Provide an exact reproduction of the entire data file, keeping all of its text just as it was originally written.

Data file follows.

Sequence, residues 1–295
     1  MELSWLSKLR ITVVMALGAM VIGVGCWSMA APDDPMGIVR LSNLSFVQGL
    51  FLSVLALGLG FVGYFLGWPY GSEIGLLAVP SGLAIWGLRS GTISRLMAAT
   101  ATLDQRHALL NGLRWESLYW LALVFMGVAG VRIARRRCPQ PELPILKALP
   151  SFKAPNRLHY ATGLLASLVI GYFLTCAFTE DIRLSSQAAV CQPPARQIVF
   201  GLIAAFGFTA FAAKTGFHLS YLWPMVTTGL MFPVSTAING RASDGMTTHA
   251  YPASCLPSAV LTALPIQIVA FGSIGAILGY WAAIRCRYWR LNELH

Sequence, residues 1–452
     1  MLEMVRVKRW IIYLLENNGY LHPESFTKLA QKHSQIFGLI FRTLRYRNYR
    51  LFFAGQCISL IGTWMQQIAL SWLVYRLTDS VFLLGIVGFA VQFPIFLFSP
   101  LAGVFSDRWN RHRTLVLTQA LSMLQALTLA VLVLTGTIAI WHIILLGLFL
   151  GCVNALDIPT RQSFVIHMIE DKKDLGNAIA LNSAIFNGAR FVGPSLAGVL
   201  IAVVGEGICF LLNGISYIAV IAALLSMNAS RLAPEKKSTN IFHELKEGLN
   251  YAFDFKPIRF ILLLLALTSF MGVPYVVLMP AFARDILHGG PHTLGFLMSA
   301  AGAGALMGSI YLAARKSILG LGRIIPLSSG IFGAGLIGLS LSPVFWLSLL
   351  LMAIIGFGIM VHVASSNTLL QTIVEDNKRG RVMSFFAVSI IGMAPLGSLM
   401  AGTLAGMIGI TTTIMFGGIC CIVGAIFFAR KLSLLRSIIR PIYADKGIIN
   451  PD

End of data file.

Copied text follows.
Sequence, residues 1–295
     1  MELSWLSKLR ITVVMALGAM VIGVGCWSMA APDDPMGIVR LSNLSFVQGL
    51  FLSVLALGLG FVGYFLGWPY GSEIGLLAVP SGLAIWGLRS GTISRLMAAT
   101  ATLDQRHALL NGLRWESLYW LALVFMGVAG VRIARRRCPQ PELPILKALP
   151  SFKAPNRLHY ATGLLASLVI GYFLTCAFTE DIRLSSQAAV CQPPARQIVF
   201  GLIAAFGFTA FAAKTGFHLS YLWPMVTTGL MFPVSTAING RASDGMTTHA
   251  YPASCLPSAV LTALPIQIVA FGSIGAILGY WAAIRCRYWR LNELH

Sequence, residues 1–452
     1  MLEMVRVKRW IIYLLENNGY LHPESFTKLA QKHSQIFGLI FRTLRYRNYR
    51  LFFAGQCISL IGTWMQQIAL SWLVYRLTDS VFLLGIVGFA VQFPIFLFSP
   101  LAGVFSDRWN RHRTLVLTQA LSMLQALTLA VLVLTGTIAI WHIILLGLFL
   151  GCVNALDIPT RQSFVIHMIE DKKDLGNAIA LNSAIFNGAR FVGPSLAGVL
   201  IAVVGEGICF LLNGISYIAV IAALLSMNAS RLAPEKKSTN IFHELKEGLN
   251  YAFDFKPIRF ILLLLALTSF MGVPYVVLMP AFARDILHGG PHTLGFLMSA
   301  AGAGALMGSI YLAARKSILG LGRIIPLSSG IFGAGLIGLS LSPVFWLSLL
   351  LMAIIGFGIM VHVASSNTLL QTIVEDNKRG RVMSFFAVSI IGMAPLGSLM
   401  AGTLAGMIGI TTTIMFGGIC CIVGAIFFAR KLSLLRSIIR PIYADKGIIN
   451  PD